See, there is one of us sobbing, No limit to his distress; And another, a lord of all things, praying To his own great self, as I guess; And another, a statesman there, betraying His party-secret, fool, to the press; And yonder a vile physician, blabbing The case of his patient—all for what? To tickle the maggot born in an empty head, And wheedle a world that loves him not, For it is but a world of the dead.

"Leaves of Grass" is irreligious, because it springs from a low recognition of the nature of Deity, not, perhaps, so in intent, but really so in its result. To Whitman, all things are alike good—no thing is better than another, and thence there is no ideal, no aspiration, no progress to things better. It is not enough that all things are good, all things are equally good, and, therefore, there is no order in creation; no better, no worse—but all is a democratic level from which can come no symmetry, in which there is no head, no subordination, no system, and, of course, no result. With a wonderful vigor of thought and intensity of perception, a power, indeed, not often found, "Leaves of Grass" has no ideality, no concentration, no purpose—it is barbarous, undisciplined, like the poetry of a half-civilized people, and, as a whole, useless, save to those miners of thought who prefer the metal in its unworked state. The preface of the book contains an inestimable wealth of this unworked ore—it is a creed of the material, not denying the ideal, but ignorant of it.

"The greatest poet hardly knows pettiness or triviality. If he breathes into anything that was before thought small, it dilates with the grandeur and life of the universe. He is a seer…he is individual…he is complete in himself…the others are as good as he, only he sees it and they do not. He is not one of the chorus…he does not stop for any regulation: he is the president of regulation. What the eyesight does to the rest he does to the rest. Who knows the curious mystery of the eyesight? The other senses corroborate themselves, but this is removed from any proof but its own, and foreruns the identities of the spiritual world. A single glance of it mocks all the investigations of man, and all the instruments and books of the earth, and all reasoning. What is marvellous? what is unlikely? what is impossible, or baseless, or vague? after you have once just opened the space of a peachpit, and given audience to far and near, and to the sunset, and had all things enter with electric swiftness, softly and duly, without confusion, or jostling, or jam.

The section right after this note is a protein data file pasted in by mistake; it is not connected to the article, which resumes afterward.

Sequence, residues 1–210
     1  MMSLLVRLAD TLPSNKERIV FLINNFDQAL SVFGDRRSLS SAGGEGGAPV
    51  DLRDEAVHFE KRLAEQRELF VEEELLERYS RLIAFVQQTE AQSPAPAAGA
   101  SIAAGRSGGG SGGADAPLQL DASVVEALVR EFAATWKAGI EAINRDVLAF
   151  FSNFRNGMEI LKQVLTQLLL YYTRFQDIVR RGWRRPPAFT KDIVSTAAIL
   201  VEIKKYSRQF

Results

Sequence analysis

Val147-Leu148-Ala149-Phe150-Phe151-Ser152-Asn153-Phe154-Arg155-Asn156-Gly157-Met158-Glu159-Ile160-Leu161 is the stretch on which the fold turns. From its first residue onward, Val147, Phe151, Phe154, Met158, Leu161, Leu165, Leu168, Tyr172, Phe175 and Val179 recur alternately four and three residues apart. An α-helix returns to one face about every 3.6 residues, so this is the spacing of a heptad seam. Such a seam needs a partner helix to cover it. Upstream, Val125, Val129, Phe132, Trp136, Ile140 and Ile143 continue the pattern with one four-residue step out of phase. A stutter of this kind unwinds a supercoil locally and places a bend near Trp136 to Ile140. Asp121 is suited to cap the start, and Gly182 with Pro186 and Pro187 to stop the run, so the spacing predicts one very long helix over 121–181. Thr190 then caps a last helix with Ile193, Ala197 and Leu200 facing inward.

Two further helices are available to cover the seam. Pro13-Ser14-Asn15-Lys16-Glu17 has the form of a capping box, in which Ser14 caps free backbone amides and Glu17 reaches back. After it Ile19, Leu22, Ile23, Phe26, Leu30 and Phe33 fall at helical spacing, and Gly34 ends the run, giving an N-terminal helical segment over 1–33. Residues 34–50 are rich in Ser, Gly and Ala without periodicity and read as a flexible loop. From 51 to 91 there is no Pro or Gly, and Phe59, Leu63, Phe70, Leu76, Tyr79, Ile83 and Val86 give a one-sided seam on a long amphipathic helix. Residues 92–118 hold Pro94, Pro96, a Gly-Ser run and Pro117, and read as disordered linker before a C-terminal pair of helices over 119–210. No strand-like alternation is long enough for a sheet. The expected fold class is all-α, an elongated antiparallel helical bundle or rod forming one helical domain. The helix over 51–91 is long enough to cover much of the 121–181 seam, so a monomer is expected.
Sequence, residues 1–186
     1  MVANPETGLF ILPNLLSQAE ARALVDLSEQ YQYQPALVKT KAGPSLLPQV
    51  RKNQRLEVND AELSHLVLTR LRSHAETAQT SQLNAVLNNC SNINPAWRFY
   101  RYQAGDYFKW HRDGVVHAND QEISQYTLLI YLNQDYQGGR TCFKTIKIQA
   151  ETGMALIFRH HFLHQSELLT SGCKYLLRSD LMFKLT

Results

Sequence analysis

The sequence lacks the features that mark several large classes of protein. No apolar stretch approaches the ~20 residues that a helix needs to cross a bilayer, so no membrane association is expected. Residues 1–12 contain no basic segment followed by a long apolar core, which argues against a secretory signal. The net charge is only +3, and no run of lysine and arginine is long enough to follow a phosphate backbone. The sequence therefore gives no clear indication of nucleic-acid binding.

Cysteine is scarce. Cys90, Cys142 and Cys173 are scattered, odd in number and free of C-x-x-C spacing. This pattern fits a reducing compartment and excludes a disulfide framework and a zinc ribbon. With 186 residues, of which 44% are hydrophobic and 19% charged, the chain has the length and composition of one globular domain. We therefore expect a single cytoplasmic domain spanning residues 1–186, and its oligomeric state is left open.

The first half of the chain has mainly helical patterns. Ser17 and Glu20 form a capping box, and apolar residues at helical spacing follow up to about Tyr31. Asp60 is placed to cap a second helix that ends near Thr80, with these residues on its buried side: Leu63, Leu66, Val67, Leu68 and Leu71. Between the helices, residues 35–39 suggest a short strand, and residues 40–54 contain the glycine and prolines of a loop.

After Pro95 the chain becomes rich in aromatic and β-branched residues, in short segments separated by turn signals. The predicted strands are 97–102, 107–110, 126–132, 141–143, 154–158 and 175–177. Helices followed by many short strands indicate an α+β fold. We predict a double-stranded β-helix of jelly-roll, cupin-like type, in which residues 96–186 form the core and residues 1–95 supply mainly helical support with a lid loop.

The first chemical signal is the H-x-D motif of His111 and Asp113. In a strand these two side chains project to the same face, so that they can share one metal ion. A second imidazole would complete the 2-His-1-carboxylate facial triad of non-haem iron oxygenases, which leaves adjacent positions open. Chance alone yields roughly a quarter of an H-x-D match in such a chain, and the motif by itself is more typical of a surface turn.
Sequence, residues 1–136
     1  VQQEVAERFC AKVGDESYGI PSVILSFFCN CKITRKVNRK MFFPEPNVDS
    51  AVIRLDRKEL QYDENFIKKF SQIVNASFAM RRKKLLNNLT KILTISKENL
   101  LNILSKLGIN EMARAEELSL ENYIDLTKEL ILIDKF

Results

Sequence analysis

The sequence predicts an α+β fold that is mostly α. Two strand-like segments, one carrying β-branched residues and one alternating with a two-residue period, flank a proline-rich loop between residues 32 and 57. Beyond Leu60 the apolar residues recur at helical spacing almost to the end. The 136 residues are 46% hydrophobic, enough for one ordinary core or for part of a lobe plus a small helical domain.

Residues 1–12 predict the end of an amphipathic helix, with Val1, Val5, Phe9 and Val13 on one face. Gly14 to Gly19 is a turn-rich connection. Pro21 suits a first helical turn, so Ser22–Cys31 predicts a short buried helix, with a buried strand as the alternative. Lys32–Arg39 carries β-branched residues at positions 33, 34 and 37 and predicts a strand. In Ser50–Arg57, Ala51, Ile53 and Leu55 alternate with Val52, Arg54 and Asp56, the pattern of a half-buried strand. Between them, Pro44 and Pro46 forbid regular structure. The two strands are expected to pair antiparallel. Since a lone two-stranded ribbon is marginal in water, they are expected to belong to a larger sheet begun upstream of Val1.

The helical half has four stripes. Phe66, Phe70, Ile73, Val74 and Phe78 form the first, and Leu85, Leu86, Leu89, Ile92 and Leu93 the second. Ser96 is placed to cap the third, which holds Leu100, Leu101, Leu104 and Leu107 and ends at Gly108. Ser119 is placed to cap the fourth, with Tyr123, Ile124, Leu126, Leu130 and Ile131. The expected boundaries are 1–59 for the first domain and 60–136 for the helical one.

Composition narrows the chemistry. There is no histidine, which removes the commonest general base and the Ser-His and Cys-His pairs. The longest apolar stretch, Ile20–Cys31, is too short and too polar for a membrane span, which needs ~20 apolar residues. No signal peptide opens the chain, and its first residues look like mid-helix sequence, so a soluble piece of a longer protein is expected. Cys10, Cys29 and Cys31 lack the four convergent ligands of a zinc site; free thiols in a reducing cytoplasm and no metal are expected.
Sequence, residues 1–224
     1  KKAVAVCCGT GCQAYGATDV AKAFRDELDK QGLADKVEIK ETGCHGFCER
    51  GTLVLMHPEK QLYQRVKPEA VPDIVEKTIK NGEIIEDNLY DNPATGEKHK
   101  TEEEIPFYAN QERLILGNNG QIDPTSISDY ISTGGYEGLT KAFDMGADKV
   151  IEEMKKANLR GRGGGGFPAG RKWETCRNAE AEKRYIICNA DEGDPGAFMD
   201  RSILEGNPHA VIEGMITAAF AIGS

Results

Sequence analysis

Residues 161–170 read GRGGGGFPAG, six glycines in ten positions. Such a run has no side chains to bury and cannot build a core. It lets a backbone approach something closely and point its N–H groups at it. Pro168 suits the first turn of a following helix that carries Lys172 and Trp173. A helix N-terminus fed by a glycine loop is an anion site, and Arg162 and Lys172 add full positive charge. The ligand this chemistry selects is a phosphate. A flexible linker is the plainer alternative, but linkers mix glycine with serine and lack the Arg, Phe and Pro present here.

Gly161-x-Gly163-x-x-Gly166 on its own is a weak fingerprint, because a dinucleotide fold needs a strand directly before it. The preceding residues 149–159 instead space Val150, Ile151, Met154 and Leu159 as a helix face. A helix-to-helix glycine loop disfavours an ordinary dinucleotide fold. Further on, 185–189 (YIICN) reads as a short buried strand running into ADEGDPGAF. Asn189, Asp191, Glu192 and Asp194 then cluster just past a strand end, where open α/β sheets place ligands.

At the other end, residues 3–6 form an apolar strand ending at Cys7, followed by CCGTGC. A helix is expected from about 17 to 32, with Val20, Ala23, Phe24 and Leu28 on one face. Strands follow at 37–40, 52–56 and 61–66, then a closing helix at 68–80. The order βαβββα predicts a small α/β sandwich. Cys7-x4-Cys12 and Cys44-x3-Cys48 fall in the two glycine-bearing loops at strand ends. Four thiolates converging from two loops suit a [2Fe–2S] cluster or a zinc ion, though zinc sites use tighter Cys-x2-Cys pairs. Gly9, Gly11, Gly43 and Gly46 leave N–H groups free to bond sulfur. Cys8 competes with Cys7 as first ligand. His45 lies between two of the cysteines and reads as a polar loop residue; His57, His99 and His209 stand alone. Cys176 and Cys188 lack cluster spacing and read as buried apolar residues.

"The land and sea, the animals, fishes, and birds, the sky of heaven and the orbs, the forests, mountains, and rivers, are not small themes…but folks expect of the poet to indicate more than the beauty and dignity which always attach to dumb, real objects…they expect him to indicate the path between reality and their souls. Men and women perceive the beauty well enough…probably as well as he. The passionate tenacity of hunters, woodmen, early risers, cultivators of gardens, and orchards, and fields, the love of healthy women for the manly form, sea-faring persons, drivers of horses, the passion for light and the open air, all is an old varied sign of the unfailing perception of beauty, and of a residence of the poetic in out-door people. They can never be assisted by poets to perceive…some may, but they never can. The poetic quality is not marshalled in rhyme, or uniformity, or abstract addresses to things, nor in melancholy complaints or good precepts, but is the life of these and much else, and is in the soul. The profit of rhyme is that it drops seeds of a sweeter and more luxuriant rhyme, and of uniformity, that it conveys itself into its own roots in the ground out of sight. The rhyme and uniformity of perfect poems show the free growth of metrical laws, and bud from them as unerringly and loosely as lilacs or roses on a bush, and take shapes as compact as the shapes of chestnuts, and oranges, and melons, and pears, and shed the perfume impalpable to form. The fluency and ornaments of the finest poems, or music, or orations, or recitations, are not independent, but dependent. All beauty comes from beautiful blood and a beautiful brain. If the greatnesses are in conjunction in a man or woman it is enough…the fact will prevail through the universe…but the gaggery and gilt of a million years will not prevail. Who troubles himself about his ornaments or fluency is lost.